The Construction Team hosted back-to-back Breakfast Roundtables in Portland and Seattle earlier this month. Attendees included contractors, suppliers, design professionals, in-house counsel, and others from across the construction industry. The topic: delegated design. We kicked off the discussion by defining the topic as delegating to the contractor a portion of the design of the work. For example, a contractor may have delegated design responsibility for portions of the exterior system, and then delegate that design out to various specialty subcontractors who both design and construct that portion of the exterior. Delegated design is not design-build or an architect delegating to design subcontractors (e.g., structural engineers). There was consensus among the groups that delegated design was becoming more prevalent in the industry. Delegated design provides potential cost savings, efficiencies in having subcontractors participate in the design, and more. On the other hand, we discussed potential pitfalls and solutions to better managing delegated design. These included:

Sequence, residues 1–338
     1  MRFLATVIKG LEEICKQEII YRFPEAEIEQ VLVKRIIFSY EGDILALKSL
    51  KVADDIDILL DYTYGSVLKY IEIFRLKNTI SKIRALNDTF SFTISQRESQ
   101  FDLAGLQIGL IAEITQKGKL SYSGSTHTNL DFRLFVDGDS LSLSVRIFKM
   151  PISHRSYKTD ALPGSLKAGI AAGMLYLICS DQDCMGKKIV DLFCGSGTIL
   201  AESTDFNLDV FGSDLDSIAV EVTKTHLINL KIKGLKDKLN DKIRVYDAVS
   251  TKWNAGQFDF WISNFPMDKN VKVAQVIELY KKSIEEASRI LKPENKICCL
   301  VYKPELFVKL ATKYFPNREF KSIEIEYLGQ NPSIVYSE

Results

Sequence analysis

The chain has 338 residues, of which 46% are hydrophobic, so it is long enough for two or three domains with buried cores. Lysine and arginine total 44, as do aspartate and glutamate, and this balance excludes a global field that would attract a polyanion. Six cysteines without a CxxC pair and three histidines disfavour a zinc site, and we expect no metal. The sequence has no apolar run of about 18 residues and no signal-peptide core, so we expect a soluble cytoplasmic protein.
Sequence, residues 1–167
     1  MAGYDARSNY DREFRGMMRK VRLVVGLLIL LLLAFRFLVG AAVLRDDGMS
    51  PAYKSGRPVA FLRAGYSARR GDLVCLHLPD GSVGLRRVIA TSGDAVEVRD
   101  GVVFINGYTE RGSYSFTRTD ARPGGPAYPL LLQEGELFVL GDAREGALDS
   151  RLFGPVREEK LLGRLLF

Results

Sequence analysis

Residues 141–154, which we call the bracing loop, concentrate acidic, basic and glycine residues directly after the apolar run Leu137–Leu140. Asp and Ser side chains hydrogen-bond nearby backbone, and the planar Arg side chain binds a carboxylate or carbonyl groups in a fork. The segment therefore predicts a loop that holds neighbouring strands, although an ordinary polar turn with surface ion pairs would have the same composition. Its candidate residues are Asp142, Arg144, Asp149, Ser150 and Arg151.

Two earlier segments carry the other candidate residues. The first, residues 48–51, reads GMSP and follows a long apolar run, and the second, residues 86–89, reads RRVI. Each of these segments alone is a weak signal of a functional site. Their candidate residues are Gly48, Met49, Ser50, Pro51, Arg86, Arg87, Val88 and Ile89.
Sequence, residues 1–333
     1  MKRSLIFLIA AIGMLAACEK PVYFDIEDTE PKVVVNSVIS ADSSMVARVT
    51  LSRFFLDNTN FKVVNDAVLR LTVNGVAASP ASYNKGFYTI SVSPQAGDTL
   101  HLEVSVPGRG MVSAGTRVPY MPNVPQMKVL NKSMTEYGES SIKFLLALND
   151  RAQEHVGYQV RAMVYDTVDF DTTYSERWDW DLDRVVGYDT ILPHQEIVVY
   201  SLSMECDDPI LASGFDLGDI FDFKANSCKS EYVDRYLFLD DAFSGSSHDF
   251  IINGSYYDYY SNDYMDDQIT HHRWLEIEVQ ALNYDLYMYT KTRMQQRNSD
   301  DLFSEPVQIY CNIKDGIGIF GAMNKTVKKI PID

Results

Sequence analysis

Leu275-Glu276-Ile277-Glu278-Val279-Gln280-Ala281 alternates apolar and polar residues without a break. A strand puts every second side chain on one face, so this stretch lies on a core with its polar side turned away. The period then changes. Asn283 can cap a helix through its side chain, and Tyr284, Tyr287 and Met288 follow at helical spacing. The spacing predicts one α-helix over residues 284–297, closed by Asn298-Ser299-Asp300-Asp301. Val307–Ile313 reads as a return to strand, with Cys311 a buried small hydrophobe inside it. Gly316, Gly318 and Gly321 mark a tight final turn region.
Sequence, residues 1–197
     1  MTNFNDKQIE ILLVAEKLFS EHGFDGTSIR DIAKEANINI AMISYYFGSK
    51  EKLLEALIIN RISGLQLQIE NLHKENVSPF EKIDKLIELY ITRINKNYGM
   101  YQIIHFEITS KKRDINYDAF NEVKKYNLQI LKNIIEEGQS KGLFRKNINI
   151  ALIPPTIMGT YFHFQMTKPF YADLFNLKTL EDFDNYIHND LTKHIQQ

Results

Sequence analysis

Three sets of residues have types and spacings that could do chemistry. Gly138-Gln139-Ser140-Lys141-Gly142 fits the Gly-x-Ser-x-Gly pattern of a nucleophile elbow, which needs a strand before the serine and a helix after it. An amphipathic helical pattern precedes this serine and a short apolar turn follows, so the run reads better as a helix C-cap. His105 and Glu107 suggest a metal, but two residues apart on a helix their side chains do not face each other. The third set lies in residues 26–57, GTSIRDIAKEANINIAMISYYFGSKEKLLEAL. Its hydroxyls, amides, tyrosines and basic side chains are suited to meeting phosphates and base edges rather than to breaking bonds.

• Avoiding gaps in the scope of the project through clear contractual delegation of responsibilities and assigning responsibility for ensuring coordination between design elements.
  • Ensuring communication between all parties, including through preconstruction meetings by all potentially involved parties.
  • Avoiding costly and protracted disputes, including through the use of early dispute resolution and third-party neutrals.
  • Effectively using technology to prevent miscommunications and gaps in the scope.
  • Obtaining appropriate insurance that covers delegated design.
  • Analyzing the applicability of design professionals’ obligations under existing regulations and the potential for future regulatory changes applicable to delegated design.

Thank you to those who joined us in our discussions! If you were not able to attend, but would like more information on this topic, contact Jacob Zahniser, Tristan Swanson, James Walker, or Tara O’Hanlon.